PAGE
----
Friday, September 4, 2015
"We've got a case. C'mon."
Even the best cops square off against their equals in the criminal element from time to time. Rarely though do those criminals boast a supernatural component to their deeds. That's the case in Soulbinder #1. The issue is written by Jimmy Wahl, illustrated by Aaron Bolduc and lettered by Joe Daxberger.
When a missing man turns up dead, the detectives assigned to his case find themselves on the trail of a serial killer.
It's difficult to open an issue without dialogue, but that's just what Wahl does in Soulbinder #1. The opening pages depict a tragedy at the hospital as the catalyst for the events of the present, even if the present is a little mysterious. It's not so much that the presentation is necessarily meant to be mysterious per se; rather, it seems as if there are a few gaps in information missing from the first issue. Wahl likely has a grander plan in mind that will present more details surrounding the mysterious serial killer and his ties to the lead detective. The dialogue attempts to provide some of the context for the events, even if it does pull heavily from the police procedural playbook.
Soulbinder #1 depicts the action through extremely simple linework. Bolduc makes use of sharp, black lines cutting against stark white backgrounds to convey the action. There are some panels where Bolduc seems to have a little difficult in rendering the anatomy of characters; for instance, the appearance of a character raising her hand to brush through her hair looks a little unnatural. Many of the facial expressions of the characters look extremely simple--they're effective enough where you know what's going on. The panel layout is generally a standard grid with a few insets mixed in to keep the look fresh.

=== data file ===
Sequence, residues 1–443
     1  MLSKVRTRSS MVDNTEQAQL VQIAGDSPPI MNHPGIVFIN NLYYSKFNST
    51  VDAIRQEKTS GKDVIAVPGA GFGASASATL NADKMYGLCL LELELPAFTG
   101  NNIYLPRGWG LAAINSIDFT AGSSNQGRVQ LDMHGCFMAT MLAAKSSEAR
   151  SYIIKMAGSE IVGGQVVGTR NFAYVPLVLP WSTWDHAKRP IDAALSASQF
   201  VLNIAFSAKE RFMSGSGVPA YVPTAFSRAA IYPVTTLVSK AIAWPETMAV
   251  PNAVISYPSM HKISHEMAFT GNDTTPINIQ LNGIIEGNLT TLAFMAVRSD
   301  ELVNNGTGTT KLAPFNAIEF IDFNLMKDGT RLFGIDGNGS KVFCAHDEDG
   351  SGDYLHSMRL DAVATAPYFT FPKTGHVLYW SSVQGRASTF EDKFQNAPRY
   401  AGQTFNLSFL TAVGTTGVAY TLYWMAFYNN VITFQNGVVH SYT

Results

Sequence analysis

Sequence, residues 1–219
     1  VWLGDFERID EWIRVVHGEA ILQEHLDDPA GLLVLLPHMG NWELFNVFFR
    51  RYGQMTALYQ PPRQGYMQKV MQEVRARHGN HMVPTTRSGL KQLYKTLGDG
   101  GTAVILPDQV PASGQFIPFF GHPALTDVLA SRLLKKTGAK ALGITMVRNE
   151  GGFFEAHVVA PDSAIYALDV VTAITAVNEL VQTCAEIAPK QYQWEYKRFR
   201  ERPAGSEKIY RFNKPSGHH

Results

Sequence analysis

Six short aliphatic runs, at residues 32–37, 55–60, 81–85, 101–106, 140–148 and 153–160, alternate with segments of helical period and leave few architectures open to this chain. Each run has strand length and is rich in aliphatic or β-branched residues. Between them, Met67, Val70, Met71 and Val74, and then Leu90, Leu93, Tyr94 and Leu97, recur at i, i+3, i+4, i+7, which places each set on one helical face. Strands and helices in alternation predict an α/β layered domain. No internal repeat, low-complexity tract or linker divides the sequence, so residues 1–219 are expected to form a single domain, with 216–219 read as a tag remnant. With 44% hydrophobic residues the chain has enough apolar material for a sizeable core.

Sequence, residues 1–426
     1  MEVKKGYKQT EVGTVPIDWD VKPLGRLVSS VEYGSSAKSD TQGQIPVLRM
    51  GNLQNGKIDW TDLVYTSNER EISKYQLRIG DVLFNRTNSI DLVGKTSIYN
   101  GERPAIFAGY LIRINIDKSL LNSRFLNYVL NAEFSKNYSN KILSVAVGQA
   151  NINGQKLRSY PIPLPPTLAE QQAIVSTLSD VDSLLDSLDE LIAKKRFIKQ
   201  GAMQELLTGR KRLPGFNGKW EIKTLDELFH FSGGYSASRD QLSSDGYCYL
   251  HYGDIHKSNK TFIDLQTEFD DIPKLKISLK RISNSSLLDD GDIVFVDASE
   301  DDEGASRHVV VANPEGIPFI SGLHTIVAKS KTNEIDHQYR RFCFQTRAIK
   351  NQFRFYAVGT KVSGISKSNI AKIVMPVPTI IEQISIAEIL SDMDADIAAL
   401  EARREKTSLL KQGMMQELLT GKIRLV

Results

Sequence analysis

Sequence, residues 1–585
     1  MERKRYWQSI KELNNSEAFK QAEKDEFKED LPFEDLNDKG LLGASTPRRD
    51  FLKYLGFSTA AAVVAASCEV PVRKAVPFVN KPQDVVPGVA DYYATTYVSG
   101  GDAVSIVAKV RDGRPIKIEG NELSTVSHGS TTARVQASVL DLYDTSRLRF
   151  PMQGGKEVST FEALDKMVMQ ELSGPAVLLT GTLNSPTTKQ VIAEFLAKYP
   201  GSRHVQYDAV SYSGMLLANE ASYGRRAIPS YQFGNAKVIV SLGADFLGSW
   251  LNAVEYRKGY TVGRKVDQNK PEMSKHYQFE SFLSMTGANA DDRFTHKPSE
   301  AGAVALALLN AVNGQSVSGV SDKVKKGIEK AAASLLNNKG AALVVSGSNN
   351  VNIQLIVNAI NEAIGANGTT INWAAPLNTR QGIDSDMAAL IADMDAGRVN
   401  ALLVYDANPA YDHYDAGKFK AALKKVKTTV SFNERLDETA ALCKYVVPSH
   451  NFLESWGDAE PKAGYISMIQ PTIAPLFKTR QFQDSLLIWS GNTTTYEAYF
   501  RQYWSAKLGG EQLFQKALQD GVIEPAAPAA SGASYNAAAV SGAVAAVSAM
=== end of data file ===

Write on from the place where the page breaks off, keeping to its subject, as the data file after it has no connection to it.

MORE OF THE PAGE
The premise behind Soulbinder #1 is a little murky by the end of the issue. There appears to be larger forces at work against the police and the evil men of the streets, but what exactly is behind that power remains to be seen. Wahl is probably working to converge the killer and lead detective at some point down the line, with the two having a connection that exceeds that of hunter/killer. Bolduc's illustrations demonstrate a generally uncomplicated approach to the artwork that do enough to carry the action visually. Soulbinder #1 is likely the start of a broader story that's representative of more ambitious storytelling.
Soulbinder #1 is available now.